• Photojournalism
  • Sculpture

There were lots more questions and lots more answers, and these started to give us a sense of what we might start exploring. These initial questions and the exercises that accompanied them allowed us to start finding the common threads whilst acknowledging the very individual areas of interest that each person held. 

Of course a key element to any project that looks to embed collaboration and skill sharing at its core is to build a sense of community, to get to know one another and to feel at ease sharing ideas with one another.

As practitioners we did this in the only way we know how – games! Setting up challenges to find the things we had in common, finding out who can talk about the colour blue for 30 seconds, drawing portraits of one another in an exercise we have dubbed ‘the David Shrigley Challenge’, and holding debates where we voice our opinions around the very important topics in life such as ‘Tea or coffee?’ ‘Pizza or Pasta?’ and of course ‘Would you rather be able to time travel or teleport?’.

And whilst these seem like light topics to talk about, they actually paved the way for us to feel more confident about the topics that really matter to us and wanted to discuss.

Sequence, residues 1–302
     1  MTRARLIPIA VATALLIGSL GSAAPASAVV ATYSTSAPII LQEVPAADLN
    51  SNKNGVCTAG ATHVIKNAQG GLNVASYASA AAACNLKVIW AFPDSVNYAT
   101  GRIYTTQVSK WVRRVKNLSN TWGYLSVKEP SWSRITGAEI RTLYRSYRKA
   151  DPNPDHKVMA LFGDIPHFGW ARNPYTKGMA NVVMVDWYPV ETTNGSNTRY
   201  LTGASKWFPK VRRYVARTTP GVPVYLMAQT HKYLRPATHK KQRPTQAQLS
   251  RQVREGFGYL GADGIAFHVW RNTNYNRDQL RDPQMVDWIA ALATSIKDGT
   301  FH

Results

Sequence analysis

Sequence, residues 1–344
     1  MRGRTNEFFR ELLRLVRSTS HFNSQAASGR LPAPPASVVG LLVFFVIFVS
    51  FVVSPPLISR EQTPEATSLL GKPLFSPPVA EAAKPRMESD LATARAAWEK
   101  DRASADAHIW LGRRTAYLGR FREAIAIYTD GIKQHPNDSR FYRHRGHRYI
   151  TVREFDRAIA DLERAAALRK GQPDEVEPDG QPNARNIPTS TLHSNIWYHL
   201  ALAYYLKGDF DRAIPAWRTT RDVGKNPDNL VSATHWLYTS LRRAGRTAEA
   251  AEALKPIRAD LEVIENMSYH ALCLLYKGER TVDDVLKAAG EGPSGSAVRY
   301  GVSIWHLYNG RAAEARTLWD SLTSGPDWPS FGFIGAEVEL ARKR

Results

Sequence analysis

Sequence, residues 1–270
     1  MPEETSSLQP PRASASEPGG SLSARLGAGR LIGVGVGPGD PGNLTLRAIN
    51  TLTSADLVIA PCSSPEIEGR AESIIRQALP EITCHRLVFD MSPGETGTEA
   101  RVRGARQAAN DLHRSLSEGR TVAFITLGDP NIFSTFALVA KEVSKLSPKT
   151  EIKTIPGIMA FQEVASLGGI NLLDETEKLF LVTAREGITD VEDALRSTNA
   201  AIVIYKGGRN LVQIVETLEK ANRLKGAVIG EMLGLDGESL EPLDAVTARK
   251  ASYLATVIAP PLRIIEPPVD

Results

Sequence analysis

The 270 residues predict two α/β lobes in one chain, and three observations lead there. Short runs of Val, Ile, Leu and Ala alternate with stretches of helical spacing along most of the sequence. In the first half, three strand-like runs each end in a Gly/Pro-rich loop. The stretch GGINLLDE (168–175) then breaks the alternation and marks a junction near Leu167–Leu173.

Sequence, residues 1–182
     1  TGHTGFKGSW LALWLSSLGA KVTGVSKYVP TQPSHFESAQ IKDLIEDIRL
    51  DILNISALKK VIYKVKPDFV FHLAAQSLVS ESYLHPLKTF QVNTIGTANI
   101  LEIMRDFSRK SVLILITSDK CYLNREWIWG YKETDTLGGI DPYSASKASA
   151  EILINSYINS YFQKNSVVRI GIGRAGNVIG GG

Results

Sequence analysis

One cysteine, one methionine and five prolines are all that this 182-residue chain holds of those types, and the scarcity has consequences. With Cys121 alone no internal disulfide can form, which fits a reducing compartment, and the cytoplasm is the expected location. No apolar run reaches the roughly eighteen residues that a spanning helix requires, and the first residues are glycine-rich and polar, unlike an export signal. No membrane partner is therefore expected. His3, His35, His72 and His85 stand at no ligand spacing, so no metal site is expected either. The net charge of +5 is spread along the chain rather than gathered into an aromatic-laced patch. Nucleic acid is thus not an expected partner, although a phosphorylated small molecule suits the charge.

We spent time exploring and learning from the different skills of the creative practitioners, developing our skills in photography – heading out to explore the city centre with our polaroid cameras in hand, and being encouraged to look up, to look around and to take portraits of our partners. We developed our design skills by writing, drawing and creating our own mini zines, and we thought about political action, activism and community through discussions and conversational prompts.

Something that became very clear very quickly is that there was a real interest in gathering people’s stories – undertaking interviews with a variety of people across the city. The changemakers were keen to use their projects as a way to tell the stories of other people in the city.

Once ideas were bubbling away, a question still remained – how do we share these projects? 

So we headed out of our wee shop to get some inspiration. Taking in the brilliant Dundee Tapestry exhibition at the V&A, as well as Michelle Williams Gamaker’s ‘Our Mountains are Painted on Glass’ at the DCA. Giving us lots to reflect on about how you share work, how you frame what you have created and what you want to say to an audience. Leaving us with lots to think on what is the best way to share our work and importantly who do we want to share our work with?

We were also invited to chat with journalists at DC Thomson, we went on a behind-the-scenes tour of their busy offices, chatted with staff about their jobs and discussed how we research and engage with news, what kind of news and platforms we go for, and what helps us trust and share content with others.